Computer History Museum Debuts New Exhibit, Mastering The Game: A History of Computer Chess

Designed to appeal to a wide range of visitors, and created with the guidance of the world's top thinkers in the fields of artificial intelligence, computer design and chess, this flagship exhibit will examine the drama behind the game considered by many

Mountain View, California—August 11, 2005— The Computer History Museum, the world's largest history museum dedicated to the preservation and presentation of the artifacts and stories of the information age, will celebrate a new physical and online exhibit, Mastering The Game: A History of Computer Chess, at a special lecture presentation, 7 p.m., Thursday, September 8, and at a public open house, 1-5 p.m., Saturday, September 10

According to John Toole, the Museum's executive director and CEO, this marks the first new exhibit since the institution relocated to its home at 1401 N. Shoreline Boulevard in Mountain View, Calif., two years ago.

"The topic of chess is a fascinating way for visitors of diverse backgrounds to learn about computing history. Chess resonates with the general public as a difficult problem to solve for people and machines alike. From this launching point, visitors can explore some important software concepts--abstract and traditionally challenging topics to explain," said Toole. "For the Museum, this exhibit is our 'opening move' since it serves as a prototype of others that we will develop throughout the next phases of our evolution."

This 1,000 square foot exhibit will follow a five-decade-long chronological plan, from the theoretical foundations developed by such computing pioneers as Alan Turing and Claude Shannon, to the development of PC chess software and the drama of IBM's chess-playing supercomputer, Deep Blue.

In addition, the institution has created an online version of Mastering the Game: A History of Computer Chess. "Not only will this online counterpart provide access to information made available in the physical exhibit, it will contain additional content and include access to original source materials, links to complementary organizations and allow visitors to share their computer chess stories," Toole said.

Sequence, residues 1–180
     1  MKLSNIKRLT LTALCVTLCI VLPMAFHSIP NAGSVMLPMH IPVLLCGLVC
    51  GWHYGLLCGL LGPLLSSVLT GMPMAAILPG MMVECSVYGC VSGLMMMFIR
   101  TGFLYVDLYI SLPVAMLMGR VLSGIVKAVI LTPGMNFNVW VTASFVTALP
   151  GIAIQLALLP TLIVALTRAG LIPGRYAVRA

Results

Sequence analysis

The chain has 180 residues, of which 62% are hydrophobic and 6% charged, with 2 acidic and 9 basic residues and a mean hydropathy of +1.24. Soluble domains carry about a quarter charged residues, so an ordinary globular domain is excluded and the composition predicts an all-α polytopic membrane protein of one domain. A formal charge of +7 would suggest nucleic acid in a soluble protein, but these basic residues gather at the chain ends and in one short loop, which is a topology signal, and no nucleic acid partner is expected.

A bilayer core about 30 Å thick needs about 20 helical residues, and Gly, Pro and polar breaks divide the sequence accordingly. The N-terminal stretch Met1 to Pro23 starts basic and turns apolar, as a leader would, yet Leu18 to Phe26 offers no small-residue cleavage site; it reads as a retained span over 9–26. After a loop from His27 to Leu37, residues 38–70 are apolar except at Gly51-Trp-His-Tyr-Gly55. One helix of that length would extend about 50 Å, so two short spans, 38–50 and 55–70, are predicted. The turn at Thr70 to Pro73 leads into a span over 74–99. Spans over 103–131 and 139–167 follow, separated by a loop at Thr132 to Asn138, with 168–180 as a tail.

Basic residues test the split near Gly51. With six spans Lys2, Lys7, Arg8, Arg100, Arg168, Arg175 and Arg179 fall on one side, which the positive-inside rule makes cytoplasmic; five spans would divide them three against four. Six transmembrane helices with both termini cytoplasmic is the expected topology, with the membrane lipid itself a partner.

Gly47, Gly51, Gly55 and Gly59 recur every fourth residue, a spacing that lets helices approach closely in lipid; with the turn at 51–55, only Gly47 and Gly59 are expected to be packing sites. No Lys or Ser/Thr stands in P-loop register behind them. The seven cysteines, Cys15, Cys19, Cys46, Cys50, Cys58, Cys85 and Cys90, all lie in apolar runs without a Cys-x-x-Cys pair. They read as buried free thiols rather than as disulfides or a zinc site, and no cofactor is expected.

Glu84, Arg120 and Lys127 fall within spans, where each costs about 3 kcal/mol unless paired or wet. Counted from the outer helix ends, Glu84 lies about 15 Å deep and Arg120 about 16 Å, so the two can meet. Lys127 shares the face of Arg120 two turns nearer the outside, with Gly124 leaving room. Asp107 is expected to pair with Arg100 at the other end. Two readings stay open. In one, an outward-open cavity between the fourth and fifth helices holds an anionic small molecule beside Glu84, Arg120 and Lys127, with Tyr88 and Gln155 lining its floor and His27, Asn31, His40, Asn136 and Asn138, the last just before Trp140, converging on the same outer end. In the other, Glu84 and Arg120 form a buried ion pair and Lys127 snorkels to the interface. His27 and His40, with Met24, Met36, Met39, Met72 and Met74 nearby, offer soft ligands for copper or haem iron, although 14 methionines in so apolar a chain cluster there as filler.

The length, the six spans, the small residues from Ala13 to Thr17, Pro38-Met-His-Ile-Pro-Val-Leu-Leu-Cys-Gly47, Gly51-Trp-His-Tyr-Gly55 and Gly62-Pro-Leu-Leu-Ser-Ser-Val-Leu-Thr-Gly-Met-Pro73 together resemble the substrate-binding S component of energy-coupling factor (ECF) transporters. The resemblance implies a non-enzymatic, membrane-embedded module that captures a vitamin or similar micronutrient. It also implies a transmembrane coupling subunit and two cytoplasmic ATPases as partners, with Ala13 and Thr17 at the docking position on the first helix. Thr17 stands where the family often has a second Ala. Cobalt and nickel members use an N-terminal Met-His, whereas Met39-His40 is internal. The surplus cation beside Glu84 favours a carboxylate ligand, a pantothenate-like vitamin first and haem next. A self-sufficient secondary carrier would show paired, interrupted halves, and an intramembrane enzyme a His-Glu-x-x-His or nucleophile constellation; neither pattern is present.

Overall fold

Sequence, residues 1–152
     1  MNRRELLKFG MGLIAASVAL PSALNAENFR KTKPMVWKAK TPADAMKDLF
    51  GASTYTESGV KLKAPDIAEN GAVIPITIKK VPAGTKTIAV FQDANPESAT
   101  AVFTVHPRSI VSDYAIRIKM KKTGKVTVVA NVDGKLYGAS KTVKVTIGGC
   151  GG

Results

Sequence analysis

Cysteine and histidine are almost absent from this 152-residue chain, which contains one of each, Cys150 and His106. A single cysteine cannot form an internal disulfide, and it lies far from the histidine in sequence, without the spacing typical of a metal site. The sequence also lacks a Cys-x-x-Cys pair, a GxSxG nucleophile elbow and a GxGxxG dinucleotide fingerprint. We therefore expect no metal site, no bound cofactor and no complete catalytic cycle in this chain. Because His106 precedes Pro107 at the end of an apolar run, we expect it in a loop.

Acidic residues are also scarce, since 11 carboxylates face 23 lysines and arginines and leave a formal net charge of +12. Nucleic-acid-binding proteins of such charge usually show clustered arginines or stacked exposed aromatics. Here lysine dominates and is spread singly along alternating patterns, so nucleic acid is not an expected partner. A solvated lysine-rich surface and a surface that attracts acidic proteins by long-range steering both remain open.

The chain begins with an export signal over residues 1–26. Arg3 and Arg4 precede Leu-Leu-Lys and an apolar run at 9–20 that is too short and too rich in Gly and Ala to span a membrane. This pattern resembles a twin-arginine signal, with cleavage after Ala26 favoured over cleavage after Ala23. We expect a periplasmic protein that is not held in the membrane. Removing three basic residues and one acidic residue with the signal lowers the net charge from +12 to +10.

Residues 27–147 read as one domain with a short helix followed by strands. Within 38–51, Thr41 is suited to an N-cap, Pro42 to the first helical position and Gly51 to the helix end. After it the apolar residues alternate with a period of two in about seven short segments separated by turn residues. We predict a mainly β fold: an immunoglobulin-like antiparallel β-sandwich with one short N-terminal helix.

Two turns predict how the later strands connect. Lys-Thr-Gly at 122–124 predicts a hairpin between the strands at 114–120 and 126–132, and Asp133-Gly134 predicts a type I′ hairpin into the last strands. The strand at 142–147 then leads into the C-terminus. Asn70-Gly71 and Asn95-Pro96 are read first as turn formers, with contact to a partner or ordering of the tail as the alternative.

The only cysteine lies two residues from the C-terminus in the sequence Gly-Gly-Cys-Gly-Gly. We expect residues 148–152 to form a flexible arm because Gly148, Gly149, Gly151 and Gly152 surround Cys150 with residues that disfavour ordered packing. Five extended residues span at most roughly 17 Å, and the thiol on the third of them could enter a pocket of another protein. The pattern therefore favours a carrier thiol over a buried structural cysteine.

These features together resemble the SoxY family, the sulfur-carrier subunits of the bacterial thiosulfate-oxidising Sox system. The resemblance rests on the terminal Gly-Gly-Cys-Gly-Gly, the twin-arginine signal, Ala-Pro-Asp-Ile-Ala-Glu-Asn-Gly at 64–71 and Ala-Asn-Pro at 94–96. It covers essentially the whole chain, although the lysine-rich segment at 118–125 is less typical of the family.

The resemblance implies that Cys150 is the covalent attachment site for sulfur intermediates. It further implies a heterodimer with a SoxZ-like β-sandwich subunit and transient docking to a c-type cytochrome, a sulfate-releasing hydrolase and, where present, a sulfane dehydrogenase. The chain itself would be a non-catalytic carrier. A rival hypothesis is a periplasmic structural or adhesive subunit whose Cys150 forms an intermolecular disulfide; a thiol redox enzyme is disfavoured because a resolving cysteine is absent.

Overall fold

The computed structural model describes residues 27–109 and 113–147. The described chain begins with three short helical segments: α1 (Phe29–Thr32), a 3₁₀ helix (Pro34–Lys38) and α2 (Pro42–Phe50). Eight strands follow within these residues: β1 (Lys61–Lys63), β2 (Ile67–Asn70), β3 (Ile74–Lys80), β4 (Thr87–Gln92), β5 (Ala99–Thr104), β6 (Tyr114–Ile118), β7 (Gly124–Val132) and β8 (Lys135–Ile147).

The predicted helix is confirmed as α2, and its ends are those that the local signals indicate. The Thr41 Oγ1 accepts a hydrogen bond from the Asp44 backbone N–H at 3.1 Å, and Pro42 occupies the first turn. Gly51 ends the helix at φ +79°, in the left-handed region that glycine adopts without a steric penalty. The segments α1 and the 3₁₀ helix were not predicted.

The story starts in the earliest days of computing and reflects general advances in computer hardware and software over this period. It also describes how the work on computer chess led to important software techniques still in use today.

Visitors will explore the multi-layered history of computer chess, listen to chess software pioneers, learn the basics of chess algorithms and experience the sights and sounds of the era through vintage footage. They will also learn about the development of chess-playing supercomputers including a special display featuring part of IBM's Deep Blue supercomputer alongside a multimedia presentation capturing the dramatic match between World Chess Champion Garry Kasparov and Deep Blue. In addition, a freestanding computer learning station will allow visitors to explore software concepts, such as the basic ideas that lie beneath all chess software programs.

In addition to the public open house from 1-5 p.m., September 10, the Computer History Museum will host a special presentation in conjunction with the opening of Mastering The Game: A History of Computer Chess. Entitled Computer History Museum Presents: The History of Computer Chess: An AI Perspective, the 7 p.m., September 8 event will feature Murray Campbell, Deep Blue project member, International Business Machines (IBM); Edward Feigenbaum, a Stanford artificial intelligence researcher; David Levy, International Computer Games Association, and John McCarthy, professor, Stanford University. The evening presentation will be moderated by Monty Newborn, professor, McGill University and organizer, ACM Computer Chess Championships (1970-1991). This panel, comprising of seminal contributors to the solution of this challenge-including two of AI's leading pioneers-will discuss the origin and development of computer chess and what it tells us about ourselves and the machines we build.

Sponsors associated with Mastering the Game: A History of Computer Chess include ACM (Association for Computing Machinery), Ropes & Gray LLP, Target and Hilton Garden Inn-Mountain View.

 

About the Computer History Museum
The Computer History Museum in Mountain View, California, a public benefit organization, preserves and presents for posterity the artifacts and stories of the information age. The Museum is dedicated to exploring the social impact of computing and is home to the world's largest collection of computing-related items - from hardware (mainframes, PCs, handhelds, key integrated circuits), to software, to computer graphics systems, to Internet and networking - and contains many one-of-a-kind and rare objects such as the Cray-1 supercomputer, the Apple I, the WWII ENIGMA, the PalmPilot prototype, the 1969 Neiman Marcus (Honeywell) "Kitchen Computer" and the Minuteman I Guidance Computer. The collection also includes photos, films, videos, documents, and culturally-defining advertising and marketing materials. Currently in its first phase, the Museum brings computing history to life through its Speaker Series, seminars, oral histories and workshops. The Museum also offers tours of Visible Storage, where nearly 600 objects from the Collection are on display. Debuting September 2005 is a new exhibit, Mastering The Game: A History of Computer Chess. Future phases will feature full museum exhibits including a timeline of computing history, theme galleries, and much more. For more information, please visit http://www.computerhistory.org.

 


 

Press Contacts:
Steven Brewster
(650) 810-1036
brewster@computerhistory.org